Beal’s foul trouble forced a lot of Trey Burke and Tomas Satoransky playing time, except the very same ball-movement that allowed the starters to flourish was again almost non-existent among the second unit. I asked coach Brooks specifically what he is seeing from that backcourt pairing that is not allowing them to get into the flow of the offense:

The problem with the Wizards offense when the second unit is on the floor is that they do not have a player in that lineup who is comfortable enough being both a good decision maker and a competent ball-handler to get the team into the offense in a timely fashion. Trey Burke had a decent scoring night, completing a few dazzling layups and even a buzzer beating jump-shot to end the third quarter, but overall his lack of traditional point guard skills hurts the second unit. Satoransky has displayed the willingness to pass the ball, and pass players open, but is currently lacking the proper ball-handling skills that would instill confidence in Scott Brooks relinquishing the reigns of the second unit to the Czech rookie. Satoransky struggled against the pesky ball pressure from Cameron Payne, who is not even known as a defensive stopper.

It wasn’t until the Wizards went back to their starting lineup at the 7:20 mark of the second quarter that this team was able to finally pull away from the lethargic Thunder. Nursing a 50-47 lead, the Wizards finished the half on a 17-7 run that would open up the game for good.

Markieff Morris was one of the catalysts who allowed the Wizards to go into the halftime locker room up 13 points. Morris scored 15 of his game-high 23 points in the first half as he continues this stretch of some of the most inspiring ball of his career. A large part of Keef’s impact is that he is the one starter who plays significant minutes surrounded by bench players, and is able to shoulder the load offensively in such lineups. When Morris is playing active on both ends of the floor, the Wizards have an elite lineup of players with complementary skill sets. Since the start of the new year, Morris has a team Net Rating of 10.8, the highest mark on the team over that stretch.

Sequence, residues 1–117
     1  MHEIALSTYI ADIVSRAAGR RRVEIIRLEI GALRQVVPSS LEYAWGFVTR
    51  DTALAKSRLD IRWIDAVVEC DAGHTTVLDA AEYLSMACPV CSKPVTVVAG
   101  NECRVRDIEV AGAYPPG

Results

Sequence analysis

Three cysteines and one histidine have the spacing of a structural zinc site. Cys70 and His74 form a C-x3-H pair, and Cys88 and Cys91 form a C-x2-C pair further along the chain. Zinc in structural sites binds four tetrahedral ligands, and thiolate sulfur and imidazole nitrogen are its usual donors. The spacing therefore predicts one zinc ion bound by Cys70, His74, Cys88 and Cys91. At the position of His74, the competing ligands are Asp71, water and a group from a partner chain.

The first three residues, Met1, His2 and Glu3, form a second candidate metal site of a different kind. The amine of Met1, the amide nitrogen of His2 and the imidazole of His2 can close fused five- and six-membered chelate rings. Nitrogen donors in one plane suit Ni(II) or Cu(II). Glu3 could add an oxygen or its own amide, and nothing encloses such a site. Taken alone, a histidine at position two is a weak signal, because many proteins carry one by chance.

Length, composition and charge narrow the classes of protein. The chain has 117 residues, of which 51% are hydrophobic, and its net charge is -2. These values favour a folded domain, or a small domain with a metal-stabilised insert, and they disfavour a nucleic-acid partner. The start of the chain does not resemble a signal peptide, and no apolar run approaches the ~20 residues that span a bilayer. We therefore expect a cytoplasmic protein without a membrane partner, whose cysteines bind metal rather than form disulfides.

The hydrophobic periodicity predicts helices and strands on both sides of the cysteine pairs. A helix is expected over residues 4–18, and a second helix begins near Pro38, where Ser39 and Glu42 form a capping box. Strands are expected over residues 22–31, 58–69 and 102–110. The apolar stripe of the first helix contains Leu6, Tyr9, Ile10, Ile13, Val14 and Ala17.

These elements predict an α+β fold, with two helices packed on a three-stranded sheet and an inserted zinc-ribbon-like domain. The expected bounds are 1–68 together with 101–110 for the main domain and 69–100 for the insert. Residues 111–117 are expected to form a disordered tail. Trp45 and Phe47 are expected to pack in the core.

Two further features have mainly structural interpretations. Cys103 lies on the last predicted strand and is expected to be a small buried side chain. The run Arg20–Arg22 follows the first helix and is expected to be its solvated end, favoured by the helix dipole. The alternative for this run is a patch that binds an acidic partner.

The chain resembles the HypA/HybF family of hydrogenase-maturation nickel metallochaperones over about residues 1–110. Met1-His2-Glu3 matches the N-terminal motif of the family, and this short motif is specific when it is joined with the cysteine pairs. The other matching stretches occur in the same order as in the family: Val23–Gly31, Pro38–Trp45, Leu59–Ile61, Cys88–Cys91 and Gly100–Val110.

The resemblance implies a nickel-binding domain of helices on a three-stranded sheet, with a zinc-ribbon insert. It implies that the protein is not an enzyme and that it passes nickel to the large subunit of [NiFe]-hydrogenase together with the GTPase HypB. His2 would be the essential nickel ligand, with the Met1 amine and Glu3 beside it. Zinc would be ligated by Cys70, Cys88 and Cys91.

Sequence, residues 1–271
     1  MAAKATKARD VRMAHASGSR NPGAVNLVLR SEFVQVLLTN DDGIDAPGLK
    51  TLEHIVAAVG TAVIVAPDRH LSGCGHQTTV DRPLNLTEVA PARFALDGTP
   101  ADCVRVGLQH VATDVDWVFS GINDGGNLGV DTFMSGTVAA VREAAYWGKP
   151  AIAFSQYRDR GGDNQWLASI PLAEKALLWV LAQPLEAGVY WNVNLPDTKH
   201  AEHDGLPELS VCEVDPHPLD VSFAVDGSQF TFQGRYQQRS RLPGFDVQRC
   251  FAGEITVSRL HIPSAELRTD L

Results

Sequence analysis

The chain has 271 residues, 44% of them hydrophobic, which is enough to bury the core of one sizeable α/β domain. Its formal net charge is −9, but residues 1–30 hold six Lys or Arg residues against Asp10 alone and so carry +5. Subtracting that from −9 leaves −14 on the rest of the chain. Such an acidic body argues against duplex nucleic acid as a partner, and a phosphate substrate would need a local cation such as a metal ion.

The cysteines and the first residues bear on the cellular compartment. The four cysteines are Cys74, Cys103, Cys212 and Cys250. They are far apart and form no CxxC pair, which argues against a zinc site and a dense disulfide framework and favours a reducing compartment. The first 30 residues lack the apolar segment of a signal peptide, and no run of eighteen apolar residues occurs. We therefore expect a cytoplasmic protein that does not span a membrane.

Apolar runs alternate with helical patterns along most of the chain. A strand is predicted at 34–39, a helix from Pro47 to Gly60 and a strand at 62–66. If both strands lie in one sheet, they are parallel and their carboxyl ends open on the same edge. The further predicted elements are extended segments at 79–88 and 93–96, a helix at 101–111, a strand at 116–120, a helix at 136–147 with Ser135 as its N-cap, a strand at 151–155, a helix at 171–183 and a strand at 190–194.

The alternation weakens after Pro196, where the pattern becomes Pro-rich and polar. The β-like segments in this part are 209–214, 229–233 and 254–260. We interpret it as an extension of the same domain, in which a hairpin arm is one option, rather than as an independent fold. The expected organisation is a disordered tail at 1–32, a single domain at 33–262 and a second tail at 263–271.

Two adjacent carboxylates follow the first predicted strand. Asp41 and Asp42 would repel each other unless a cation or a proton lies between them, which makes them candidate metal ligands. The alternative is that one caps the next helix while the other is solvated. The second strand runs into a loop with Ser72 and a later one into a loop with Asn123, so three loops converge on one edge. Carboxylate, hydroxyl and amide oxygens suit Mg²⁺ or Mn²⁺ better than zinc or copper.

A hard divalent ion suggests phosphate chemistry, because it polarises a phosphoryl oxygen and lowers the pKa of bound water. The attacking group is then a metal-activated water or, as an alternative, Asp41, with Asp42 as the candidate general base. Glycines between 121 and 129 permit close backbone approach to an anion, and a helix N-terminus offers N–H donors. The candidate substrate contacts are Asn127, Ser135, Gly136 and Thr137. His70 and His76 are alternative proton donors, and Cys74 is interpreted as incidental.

While the second quarter was the beginning of the Wizards finding their groove, the third quarter was a tour de force of basketball that allowed the home team to blow the doors off of OKC. This time it was Otto Porter who was the catalyst, scoring 13 of his 18 points in the frame on 4-for-5 shooting from the field. While the Thunder could not buy a bucket, the Wizards offense was firing on all cylinders. And John Wall quarterbacked the whole scenario. Seven of Wall’s 14 assists came in this quarter, leaving no room for a miraculous comeback like the last outing between these two teams.

The fact that the Wizards outscored the Thunder 34-19 in the quarter allowed Scott Brooks to experiment with different lineups that he would otherwise never be able to see. We got another glimpse of Ian Mahinmi, this time playing alongside the other four starters—in nearly four minutes of game action, we were left just as confused about what the team has in Mahinmi as we were coming into tonight. Mahinmi finished the game with four points and no rebounds, but the fact that he has been able to successfully play in the last three games without any setbacks is positive enough. The one negative aspect of using minutes to evaluate Mahinmi is that it takes away minutes from Jason Smith, whose biggest value to the team was stealing minutes at center because he is more effective there than at his listed position of power forward.